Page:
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UCLA Chemists Report New Nano Phenomenon: Welding in Response to an Ordinary Camera Flash - nanofibers made of polyaniline
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UCLA Chemists Report New Nano Phenomenon: Welding in Response to an Ordinary
Date: October 28, 2004
Contact: Stuart Wolpert ( [Only registered users see links. ] )
UCLA chemists report the discovery of a remarkable new nanoscale phenomenon:
An ordinary camera flash causes the instantaneous welding together of
nanofibers made of polyaniline, a unique synthetic polymer that can be made
in either a conducting or an insulating form. The discovery, which the
chemists call "flash welding," is published in the November issue of the
journal Nature Materials.
Numerous applications potentially could result from this research in such
areas as chemical sensors, separation membranes and nano devices.
"We used an ordinary 35-millimeter camera, but you could also use a laser,
or any other high-intensity light source," said Richard B. Kaner, UCLA
professor of inorganic chemistry and materials science and engineering, and
a member of the California NanoSystems Institute at UCLA.
"I was very surprised," Kaner said. "My graduate student, Jiaxing Huang,
decided to take some pictures of his polyaniline nanofibers one evening when
he heard a distinct popping sound and smelled burning plastic. Jiaxing
recalled a paper that we had discussed during a group meeting reporting that
carbon nanotubes burned up in response to a camera flash. By adjusting the
distance of the camera flash to his material, he was able to produce smooth
films with no burning, making this new discovery potentially useful."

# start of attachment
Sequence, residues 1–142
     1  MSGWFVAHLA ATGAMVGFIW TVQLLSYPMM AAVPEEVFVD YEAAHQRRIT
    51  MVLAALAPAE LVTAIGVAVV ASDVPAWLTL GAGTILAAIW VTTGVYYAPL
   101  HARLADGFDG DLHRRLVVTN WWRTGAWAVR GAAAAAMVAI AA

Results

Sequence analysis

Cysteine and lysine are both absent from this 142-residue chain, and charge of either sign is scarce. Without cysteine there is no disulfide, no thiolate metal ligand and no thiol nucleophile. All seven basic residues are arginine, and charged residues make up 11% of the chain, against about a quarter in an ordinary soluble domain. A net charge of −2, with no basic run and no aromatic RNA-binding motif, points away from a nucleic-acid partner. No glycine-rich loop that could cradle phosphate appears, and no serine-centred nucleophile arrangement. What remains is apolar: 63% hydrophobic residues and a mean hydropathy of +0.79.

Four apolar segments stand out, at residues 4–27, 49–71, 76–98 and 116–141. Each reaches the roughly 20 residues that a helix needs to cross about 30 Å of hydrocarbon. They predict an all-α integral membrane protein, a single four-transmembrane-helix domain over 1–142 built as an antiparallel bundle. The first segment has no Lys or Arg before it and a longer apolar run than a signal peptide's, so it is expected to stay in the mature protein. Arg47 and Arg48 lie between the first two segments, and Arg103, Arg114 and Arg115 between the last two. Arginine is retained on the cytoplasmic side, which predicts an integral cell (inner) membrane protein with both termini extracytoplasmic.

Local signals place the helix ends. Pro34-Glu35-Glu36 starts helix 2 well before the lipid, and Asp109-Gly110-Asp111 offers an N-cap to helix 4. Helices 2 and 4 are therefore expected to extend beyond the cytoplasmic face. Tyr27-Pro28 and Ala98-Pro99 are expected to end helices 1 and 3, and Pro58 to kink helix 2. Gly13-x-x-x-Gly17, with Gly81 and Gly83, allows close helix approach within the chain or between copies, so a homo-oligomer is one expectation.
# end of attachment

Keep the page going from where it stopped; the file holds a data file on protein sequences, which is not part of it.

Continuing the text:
The camera flash induces a chemical reaction; it starts a chain reaction in
which the tiny nanofibers interact and cross-link, producing heat, which
leads to more spontaneous cross-linking across the entire surface of the
nanofibers, welding them together, Kaner said. Unlike carbon nanotubes,
which burn up, this material is thermally absorbent and can dissipate the
heat well enough so that it does not burn.
"We can envision welding other materials together as well," Kaner added.
"One way to do this is to take two blocks of a conventional polymer and
insert polyaniline nanofibers between them, then induce the cross-linking
reaction to produce enough heat to weld the polymer blocks together. We can
weld polyaniline to itself or to another polymer or potentially use it to
join conventional polymers together." (A polymer is a long chain of
molecules, commonly known as plastics.)
Because only the part exposed to light welds together, chemists can create
patterns by covering sections that they do not want welded; they can control
what parts weld together.
Kaner's research team searched for whether any conventional techniques have
this same welding property. They found a recent commercial process called
laser welding, now used in the electronics industry, in which a laser beam
is used to weld together conventional polymers. "The trouble with laser
welding," Kaner said, "is that lasers generally have a small cross-section
and consume a lot of power. Our research has the potential of
revolutionizing this process."
Nanofibers have high surface areas and important properties, from sensing to
flash welding. "This shows why nano is important," Kaner said. "Here's a
good example of where nano materials possess a property that conventional
materials do not have."
Kaner and Huang were the first chemists to produce large quantities of pure
polyaniline nanofibers, which can also be used for sensors - findings they
published last year in collaboration with Dr. Bruce Weiller and Shabnam
Virji at Aerospace Corp. The nanofibers have a much greater response in a
shorter time than sensors made with conventional polyaniline.
Jiaxing Huang has started a UC Berkeley postdoctoral fellowship.
The research is funded by the Microelectronics Advanced Research Corp.
"Buddhism elucidates why we are sentient."
|camera , chemists , flash , made , nano , nanofibers , ordinary , phenomenon , polyaniline , report , response , ucla , welding|
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